The E-Sylum v22n27 July 7, 2019

The E-Sylum esylum at
Sun Jul 7 18:20:30 PDT 2019

The E-Sylum
  An electronic publication of
  The Numismatic Bibliomania Society

Volume 22, Number 27, July 7, 2019

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Content presented in The E-Sylum  is not necessarily researched or independently fact-checked, and views expressed do not necessarily represent those of the Numismatic Bibliomania Society.


New subscribers this week include: 
John Ostendorf.
Welcome aboard! We now have 5,945 subscribers.

Thank you for reading The E-Sylum. If you enjoy it, please send me the email addresses of friends you think may enjoy it as well and I'll send them a subscription (but let me know if they are located in the European Union). Contact me at whomren at anytime regarding your subscription, or questions, comments or suggestions about our content. 

Many thanks to readers who sent Fourth of July wishes.
This week is a two-fer issue: we open with two new books, two articles on careful numismatic research, two updates from the Newman Numismatic Portal, and two articles relating to numismatics in New York City.

Other topics this week include paper siege coins, Arabian silver coins found in New England, authors Theodore Venn, Matt Rothert and Dennis Tucker, benefits of the 2019-W quarter program, educational talks at the 2019 ANA World's Fair of Money, Nicaraguan banknotes, kid counterfeiters and a $100 bill toothpick trick.

To learn more about coins of Western Switzerland, British Gallantry Awards, the War Nickel King of New York, the number of 1894-S dines, Royal Mint coin designer Joseph Boehm, Jacobite banknotes, The Richmond Collection, the Parsons gold ingots, "Daddy Dollars", Barton's metal and explosion bonding, read on. Have a great week, everyone!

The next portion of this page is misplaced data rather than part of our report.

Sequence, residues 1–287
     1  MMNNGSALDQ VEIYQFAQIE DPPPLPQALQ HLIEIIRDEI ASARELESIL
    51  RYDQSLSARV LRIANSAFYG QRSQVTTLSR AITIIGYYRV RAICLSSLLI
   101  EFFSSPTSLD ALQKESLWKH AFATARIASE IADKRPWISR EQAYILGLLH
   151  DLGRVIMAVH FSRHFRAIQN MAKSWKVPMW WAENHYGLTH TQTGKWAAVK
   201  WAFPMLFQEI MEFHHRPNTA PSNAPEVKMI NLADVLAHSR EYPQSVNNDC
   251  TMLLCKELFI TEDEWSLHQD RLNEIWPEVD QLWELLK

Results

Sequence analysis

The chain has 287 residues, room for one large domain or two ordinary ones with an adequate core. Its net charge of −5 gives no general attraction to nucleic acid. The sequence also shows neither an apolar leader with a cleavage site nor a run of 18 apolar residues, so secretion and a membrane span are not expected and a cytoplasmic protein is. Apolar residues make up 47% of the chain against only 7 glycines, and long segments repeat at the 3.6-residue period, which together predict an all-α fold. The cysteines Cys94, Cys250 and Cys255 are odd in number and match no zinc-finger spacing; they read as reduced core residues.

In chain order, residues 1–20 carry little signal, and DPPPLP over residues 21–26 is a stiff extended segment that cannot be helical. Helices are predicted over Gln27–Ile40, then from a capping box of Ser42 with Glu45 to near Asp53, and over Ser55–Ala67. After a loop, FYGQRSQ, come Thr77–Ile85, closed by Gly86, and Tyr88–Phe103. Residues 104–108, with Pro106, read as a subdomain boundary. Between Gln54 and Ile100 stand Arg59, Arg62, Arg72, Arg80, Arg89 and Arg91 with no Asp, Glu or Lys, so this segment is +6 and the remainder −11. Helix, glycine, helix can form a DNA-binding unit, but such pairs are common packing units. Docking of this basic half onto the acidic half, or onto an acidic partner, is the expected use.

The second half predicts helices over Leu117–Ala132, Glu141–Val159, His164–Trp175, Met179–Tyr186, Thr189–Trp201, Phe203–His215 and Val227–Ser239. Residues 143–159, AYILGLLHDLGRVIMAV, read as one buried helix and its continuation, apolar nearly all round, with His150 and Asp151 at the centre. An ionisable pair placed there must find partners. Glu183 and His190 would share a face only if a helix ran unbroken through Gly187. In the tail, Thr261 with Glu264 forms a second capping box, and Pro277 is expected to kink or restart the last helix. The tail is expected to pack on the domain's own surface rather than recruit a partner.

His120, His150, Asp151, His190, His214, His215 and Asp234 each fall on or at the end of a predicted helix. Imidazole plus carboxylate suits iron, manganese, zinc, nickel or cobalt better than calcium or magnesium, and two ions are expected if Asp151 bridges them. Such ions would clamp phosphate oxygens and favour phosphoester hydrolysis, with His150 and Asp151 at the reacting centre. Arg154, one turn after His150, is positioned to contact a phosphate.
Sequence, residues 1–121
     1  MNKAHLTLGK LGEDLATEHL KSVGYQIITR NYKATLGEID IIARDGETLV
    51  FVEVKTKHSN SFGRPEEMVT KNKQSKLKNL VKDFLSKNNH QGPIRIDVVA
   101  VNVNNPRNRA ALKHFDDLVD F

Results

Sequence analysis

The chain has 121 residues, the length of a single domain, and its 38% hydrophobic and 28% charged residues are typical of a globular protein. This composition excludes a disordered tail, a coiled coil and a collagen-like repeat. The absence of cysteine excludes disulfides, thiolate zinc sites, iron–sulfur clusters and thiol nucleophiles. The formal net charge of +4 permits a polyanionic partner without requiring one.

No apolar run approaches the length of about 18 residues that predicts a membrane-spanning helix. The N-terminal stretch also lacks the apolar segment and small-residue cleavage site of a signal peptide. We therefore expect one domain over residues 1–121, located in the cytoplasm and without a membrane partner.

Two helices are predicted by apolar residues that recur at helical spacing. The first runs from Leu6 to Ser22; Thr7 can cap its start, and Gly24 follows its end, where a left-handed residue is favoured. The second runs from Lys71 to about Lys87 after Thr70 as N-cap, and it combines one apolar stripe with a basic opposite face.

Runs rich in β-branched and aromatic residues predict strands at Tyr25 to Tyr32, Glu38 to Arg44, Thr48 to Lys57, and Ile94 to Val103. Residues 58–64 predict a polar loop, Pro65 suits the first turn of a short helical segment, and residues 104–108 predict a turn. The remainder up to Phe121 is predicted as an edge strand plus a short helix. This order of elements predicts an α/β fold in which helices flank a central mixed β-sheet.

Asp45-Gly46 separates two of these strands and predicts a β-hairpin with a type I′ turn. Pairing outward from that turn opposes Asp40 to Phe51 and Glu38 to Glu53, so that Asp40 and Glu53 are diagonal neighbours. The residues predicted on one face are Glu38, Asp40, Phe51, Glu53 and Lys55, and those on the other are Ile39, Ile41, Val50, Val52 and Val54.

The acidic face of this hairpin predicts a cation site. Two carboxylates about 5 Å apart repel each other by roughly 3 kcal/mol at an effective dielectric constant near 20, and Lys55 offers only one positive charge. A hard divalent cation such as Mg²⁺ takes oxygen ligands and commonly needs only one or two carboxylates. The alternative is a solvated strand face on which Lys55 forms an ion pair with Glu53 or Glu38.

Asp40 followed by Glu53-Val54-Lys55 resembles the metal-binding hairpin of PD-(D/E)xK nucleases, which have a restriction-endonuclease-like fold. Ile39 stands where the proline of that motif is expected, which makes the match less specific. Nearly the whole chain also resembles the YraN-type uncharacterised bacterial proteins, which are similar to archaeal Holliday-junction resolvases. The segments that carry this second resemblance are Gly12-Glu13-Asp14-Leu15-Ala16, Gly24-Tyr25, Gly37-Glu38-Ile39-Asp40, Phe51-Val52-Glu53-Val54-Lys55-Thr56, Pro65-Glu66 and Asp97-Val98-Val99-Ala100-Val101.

Wayne Homren 
Editor, The E-Sylum



This new French language publication by Charles Froidevaux covers in detail the coins of the Neuchâtel region of Switzerland. 
The title translates to  Economic and Monetary History of Western Switzerland.  Here's a Google-translated version of the book description from the publisher's web site.  An article by Ursula Kampmann in the July 4, 2019 issue of CoinsWeekly alerted me to the book - thank you.

With this three-volume work, Charles Froidevaux presents a monetary history of Western Switzerland and a catalog of Neuchâtel coins.

The first volume proposes a monetary history of Western Switzerland. This study is located at the crossroads of several fields: history, the history of economic thought, the history of currency crises and the counterfeiting of money-laundering issues that ensue in Berne, Basel, Neuchâtel and Geneva, numismatics, statistics, metrology and genealogy.
In addition to presenting a global monetary history of Western Switzerland over several centuries, the book is also a kind of encyclopedia and gives tools to understand the monetary history, currency crises, devaluations, equivalences between different currencies - notably with the Kingdom of France - as well as the relations between the currencies of the states of Western Switzerland. For the first time, an analysis of the Romagna currency (Romandie) is formulated. Currency of account, it allowed to synchronize the currencies between the French-speaking regions and those of German language of the western part of the Swiss Corps. The second volume is a key catalog of Neuchâtel coins, both for numismatic researchers and for collectors. For each Neuchâtel coin, it offers a presentation according to the current standards of numismatics.

The coins are inventoried according to the collection in which they are kept, with inventory number, provenance, size and weight if they are available. Private collections are separated from public collections to allow collectors to assess the rarity of variants and their potential for market entry. A table of correspondences between the references of the work of Wavre, Demole and Montandon published in 1939 and those of this catalog allows museums and collectors to update their inventory.